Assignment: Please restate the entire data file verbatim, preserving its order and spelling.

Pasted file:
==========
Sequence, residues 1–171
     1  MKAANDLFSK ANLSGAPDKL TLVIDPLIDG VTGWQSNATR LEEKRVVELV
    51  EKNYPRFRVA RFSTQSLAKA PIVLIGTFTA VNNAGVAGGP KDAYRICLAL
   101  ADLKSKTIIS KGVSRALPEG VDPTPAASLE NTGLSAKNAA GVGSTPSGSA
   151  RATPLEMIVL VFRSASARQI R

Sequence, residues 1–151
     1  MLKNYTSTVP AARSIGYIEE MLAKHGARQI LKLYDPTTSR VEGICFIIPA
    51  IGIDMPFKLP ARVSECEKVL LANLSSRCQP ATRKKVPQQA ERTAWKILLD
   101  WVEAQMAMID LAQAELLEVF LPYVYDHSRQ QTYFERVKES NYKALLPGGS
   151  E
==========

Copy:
Sequence, residues 1–171
     1  MKAANDLFSK ANLSGAPDKL TLVIDPLIDG VTGWQSNATR LEEKRVVELV
    51  EKNYPRFRVA RFSTQSLAKA PIVLIGTFTA VNNAGVAGGP KDAYRICLAL
   101  ADLKSKTIIS KGVSRALPEG VDPTPAASLE NTGLSAKNAA GVGSTPSGSA
   151  RATPLEMIVL VFRSASARQI R

Sequence, residues 1–151
     1  MLKNYTSTVP AARSIGYIEE MLAKHGARQI LKLYDPTTSR VEGICFIIPA
    51  IGIDMPFKLP ARVSECEKVL LANLSSRCQP ATRKKVPQQA ERTAWKILLD
   101  WVEAQMAMID LAQAELLEVF LPYVYDHSRQ QTYFERVKES NYKALLPGGS
   151  E